How much plastic waste is already out there in total?
The figures above are the UK TOY INDUSTRY ALONE – worldwide and plastic as a whole, it’s estimated that 150 million tons of plastic is already in the ocean and this is set to increase at around the rate of 8 million tons a year – it is a well known fact that by 2050, there may well be as much plastic in the oceans as fish by weight.
According to National Geographic, there has been 6.9 billion tons of plastic waste since its inception in the 1900s. Only 9% of that has been recycled which leaves a staggering 6.3 billion tons somewhere on the planet – only up to 50 years into the 400 years it takes to biodegrade.
According to Jambeck et al, in 2015, 55% was discarded (thrown in the bin). The rest was recycled or incinerated. 3% of this 55% ended up in the ocean. This is through a combination of mis-managed waste in developing countries and littering across the globe. In some countries, mis-managed plastic waste is as high as 85% and in some, it is 0%. Unfortunately there is littering in every country – taking all this in account, the figure is 3% of all discarded waste globally will end up in the oceans.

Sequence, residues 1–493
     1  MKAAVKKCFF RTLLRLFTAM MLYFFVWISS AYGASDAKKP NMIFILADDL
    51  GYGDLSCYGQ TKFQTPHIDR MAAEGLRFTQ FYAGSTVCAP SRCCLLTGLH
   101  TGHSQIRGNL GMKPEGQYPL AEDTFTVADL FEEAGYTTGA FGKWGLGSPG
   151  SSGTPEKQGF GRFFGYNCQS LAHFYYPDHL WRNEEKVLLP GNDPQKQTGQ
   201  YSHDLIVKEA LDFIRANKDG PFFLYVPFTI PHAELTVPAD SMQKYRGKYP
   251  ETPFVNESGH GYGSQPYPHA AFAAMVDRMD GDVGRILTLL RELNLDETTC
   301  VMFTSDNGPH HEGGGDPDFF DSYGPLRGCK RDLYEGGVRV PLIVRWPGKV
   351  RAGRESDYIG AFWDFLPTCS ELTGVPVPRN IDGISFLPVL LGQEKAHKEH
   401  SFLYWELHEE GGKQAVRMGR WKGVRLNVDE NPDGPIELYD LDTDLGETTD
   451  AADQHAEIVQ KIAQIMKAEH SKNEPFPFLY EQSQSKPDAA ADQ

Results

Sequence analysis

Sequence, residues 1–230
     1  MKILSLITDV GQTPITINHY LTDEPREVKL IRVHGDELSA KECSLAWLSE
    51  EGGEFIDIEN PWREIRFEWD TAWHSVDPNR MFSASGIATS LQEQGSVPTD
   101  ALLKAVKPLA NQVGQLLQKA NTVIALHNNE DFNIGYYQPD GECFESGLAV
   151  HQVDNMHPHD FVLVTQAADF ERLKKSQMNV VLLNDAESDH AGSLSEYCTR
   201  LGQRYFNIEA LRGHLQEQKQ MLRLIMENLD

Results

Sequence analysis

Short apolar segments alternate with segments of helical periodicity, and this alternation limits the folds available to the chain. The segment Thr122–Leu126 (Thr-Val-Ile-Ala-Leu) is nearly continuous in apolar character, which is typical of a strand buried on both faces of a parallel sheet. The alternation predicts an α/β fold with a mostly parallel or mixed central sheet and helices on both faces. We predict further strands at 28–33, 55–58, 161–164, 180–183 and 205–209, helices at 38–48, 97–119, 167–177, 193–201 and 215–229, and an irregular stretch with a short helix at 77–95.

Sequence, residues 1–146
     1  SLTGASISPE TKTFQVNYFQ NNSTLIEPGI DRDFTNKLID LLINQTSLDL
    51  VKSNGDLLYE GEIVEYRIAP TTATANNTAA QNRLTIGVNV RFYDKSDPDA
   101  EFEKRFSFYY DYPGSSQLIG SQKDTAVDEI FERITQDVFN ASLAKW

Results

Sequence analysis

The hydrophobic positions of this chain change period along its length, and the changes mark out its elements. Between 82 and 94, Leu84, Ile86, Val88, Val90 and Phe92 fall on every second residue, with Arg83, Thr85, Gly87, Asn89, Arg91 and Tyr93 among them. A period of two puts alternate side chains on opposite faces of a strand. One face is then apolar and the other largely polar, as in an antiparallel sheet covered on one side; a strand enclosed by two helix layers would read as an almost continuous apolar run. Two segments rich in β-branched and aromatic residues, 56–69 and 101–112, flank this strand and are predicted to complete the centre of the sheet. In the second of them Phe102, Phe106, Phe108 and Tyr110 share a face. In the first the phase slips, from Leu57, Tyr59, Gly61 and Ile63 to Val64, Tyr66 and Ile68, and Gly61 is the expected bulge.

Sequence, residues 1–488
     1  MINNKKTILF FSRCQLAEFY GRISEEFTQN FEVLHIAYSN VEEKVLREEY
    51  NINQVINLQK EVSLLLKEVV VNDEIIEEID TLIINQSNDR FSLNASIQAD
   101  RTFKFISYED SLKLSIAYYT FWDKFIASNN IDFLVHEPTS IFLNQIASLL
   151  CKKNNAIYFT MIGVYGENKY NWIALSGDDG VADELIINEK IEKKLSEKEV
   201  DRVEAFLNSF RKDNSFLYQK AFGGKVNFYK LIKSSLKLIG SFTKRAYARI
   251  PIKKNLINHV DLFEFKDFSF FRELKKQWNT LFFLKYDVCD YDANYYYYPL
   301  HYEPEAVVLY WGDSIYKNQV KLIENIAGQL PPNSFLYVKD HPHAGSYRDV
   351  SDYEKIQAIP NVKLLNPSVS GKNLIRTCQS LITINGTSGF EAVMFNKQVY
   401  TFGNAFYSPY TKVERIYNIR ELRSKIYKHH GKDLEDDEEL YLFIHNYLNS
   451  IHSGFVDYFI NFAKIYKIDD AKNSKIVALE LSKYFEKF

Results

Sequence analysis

The Pie Chart below illustrates disposal methods of ALL plastic in 2015. Statistics from Jambeck et al
Why have we got into this position with plastic?